The next Spokane Valley City Council member will be either Chuck Hafner, a retired school superintendent with tight ties to many current council members, or Ben Wick, an IT systems administrator who believes that the council needs to find a new direction now that the Sprague/Appleway Revitalization Plan is gone.
The two have been selected for interviews before the council on Tuesday and the vote to choose a successor for Councilman Bob McCaslin is expected to take place on May 17.
Wick applied for the council seat vacated by Councilwoman Rose Dempsey earlier this year and was selected for an interview then. In the end the seat went to planning commissioner Arne Woodard.
Hafner did not apply for that vacancy even though he had already filed paperwork with the Public Disclosure Commission to run for a city council seat in November. At the time he said he didn’t want to put the council in the position of considering him because of his role running the Positive Change group that elected four of the current council members. But now it’s different, he said.
“Bob McCaslin was one of the Positive Change people,” Hafner said. “I didn’t think that would be the same scenario that we had with Rose. I thought it was simply a matter of replacing one with the other.”
He acknowledges that most people are assuming he’s a favorite to be appointed to the seat, given his ties to the council. He donated $100 to Councilman Dean Grafos’ re-election campaign in March. Mayor Tom Towey has recused himself from all discussions involving Hafner because of their long relationship and because Towey donated $100 to Hafner’s election fund in March.
“Regardless of my association with members of the council, I would hope that they would be looking at the merits of my background and what I have done. I just want them to sit and objectively decide,” Hafner said.
He added, “I’m working for this community, not the council. It doesn’t bother me because I think my qualifications are very good. Why should I be penalized simply because of my relationships or the things I did in the past?”
While Hafner didn’t give money to any candidates in 2009, he worked behind the scenes to collect donations for the five Positive Change candidates. But he downplays his role in their campaigns.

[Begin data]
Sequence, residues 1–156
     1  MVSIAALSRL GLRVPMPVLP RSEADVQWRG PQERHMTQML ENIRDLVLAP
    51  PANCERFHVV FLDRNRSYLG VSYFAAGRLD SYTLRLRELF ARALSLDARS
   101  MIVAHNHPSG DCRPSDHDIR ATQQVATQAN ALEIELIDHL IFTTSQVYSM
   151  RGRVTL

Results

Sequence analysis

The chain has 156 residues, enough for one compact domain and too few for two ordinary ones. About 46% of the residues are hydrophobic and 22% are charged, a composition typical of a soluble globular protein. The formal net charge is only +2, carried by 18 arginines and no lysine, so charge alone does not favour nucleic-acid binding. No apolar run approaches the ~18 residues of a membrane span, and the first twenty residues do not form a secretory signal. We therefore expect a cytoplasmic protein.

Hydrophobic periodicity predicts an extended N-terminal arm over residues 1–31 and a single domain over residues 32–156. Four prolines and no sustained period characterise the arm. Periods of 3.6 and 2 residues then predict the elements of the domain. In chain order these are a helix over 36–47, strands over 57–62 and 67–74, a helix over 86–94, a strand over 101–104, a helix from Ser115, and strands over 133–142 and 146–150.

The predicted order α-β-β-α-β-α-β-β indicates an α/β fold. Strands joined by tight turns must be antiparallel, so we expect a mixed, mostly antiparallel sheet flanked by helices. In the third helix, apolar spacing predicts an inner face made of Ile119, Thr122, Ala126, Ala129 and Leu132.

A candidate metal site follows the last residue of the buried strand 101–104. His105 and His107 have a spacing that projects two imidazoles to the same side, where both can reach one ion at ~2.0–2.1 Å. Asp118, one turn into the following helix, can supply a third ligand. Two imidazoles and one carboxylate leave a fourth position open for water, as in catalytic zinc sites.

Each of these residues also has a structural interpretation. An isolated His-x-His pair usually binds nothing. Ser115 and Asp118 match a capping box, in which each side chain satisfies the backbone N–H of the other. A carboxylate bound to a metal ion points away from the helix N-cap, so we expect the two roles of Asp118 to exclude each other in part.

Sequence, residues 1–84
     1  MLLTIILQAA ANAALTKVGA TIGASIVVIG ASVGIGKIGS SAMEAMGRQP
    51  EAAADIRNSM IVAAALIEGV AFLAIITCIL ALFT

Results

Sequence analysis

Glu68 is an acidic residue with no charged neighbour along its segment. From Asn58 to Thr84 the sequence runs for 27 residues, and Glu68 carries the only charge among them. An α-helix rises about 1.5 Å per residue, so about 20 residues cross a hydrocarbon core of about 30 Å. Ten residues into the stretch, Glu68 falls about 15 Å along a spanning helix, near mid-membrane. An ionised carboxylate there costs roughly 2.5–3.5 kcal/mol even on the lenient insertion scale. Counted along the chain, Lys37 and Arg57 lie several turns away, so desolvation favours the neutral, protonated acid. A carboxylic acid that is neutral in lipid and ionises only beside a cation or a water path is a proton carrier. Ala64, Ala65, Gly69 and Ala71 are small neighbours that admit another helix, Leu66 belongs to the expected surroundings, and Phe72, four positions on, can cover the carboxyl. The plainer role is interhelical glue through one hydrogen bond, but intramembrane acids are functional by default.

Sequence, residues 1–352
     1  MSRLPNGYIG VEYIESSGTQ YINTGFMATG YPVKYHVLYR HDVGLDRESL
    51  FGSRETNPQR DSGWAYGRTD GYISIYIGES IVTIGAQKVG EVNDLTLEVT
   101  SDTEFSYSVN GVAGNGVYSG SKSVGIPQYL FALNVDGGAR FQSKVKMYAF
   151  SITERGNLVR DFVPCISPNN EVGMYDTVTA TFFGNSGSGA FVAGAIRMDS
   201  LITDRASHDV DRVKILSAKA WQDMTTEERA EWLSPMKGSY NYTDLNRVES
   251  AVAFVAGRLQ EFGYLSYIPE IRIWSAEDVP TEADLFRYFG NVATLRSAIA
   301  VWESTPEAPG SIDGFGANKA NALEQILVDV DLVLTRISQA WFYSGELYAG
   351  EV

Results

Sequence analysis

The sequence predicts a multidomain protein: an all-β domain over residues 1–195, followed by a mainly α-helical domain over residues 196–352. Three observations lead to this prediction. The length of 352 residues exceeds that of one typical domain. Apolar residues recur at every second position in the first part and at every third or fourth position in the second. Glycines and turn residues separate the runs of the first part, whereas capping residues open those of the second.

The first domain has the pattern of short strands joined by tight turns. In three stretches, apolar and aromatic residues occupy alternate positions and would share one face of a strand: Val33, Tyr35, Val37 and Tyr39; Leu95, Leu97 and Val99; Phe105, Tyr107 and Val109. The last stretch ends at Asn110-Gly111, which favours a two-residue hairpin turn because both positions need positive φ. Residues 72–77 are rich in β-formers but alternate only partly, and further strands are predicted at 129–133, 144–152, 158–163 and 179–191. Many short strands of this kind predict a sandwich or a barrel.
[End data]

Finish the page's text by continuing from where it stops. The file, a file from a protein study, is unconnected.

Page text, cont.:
“Figure you have five cats in your house,” he said. “Try to corral them. Some people overstate my direction and my influence on the five cats. They ran their separate campaigns.”
Hafner got McCaslin’s blessing to run for his seat before he died. McCaslin was co-chair of Hafner’s election campaign and gave him $500 in February. “He had asked me three months before he passed away, when he wasn’t too well, ‘If something should happen to me, would you apply for my position?’” Hafner said. “I said yes.”
Wick said he knows that he’s unlikely to be chosen to fill the vacant council seat. Still, “I don’t think we should just bow out because of that and let him (Hafner) have it,” he said. “I think the best decisions get made when you have a diverse group up there. I think we all need to do what’s best for the city and the citizens.”
Wick said he’s already thinking about running for city council in November, which would not be his first effort. In addition to applying for Dempsey’s seat, Wick also applied for a council seat in 2009 and ran for city council in 2002.
“I am highly considering it,” he said. “I’m kind of waiting to see how this whole interview process comes out.”
Despite all that, Wick said he appreciates that the council voted to have him back for a second interview. “I really have a passion for the city and really want to help make it a better city for everybody,” he said. “I just want to be involved in the city.”
He sees the city’s first priority as coming up with a new plan to replace SARP. “Now we’ve kind of gone back to not having a true direction,” he said. “Now that we know SARP isn’t our direction, it’s time to come up with a new plan. We all can see that Sprague is having some problems.”